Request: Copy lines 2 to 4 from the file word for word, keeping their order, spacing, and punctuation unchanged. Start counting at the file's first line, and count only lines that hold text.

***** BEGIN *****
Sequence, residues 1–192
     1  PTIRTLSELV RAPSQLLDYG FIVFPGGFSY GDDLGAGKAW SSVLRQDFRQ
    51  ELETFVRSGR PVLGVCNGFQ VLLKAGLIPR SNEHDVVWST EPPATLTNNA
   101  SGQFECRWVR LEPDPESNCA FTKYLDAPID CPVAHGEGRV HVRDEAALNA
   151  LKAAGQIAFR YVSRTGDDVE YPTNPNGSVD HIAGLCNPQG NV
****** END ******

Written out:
     1  PTIRTLSELV RAPSQLLDYG FIVFPGGFSY GDDLGAGKAW SSVLRQDFRQ
    51  ELETFVRSGR PVLGVCNGFQ VLLKAGLIPR SNEHDVVWST EPPATLTNNA
   101  SGQFECRWVR LEPDPESNCA FTKYLDAPID CPVAHGEGRV HVRDEAALNA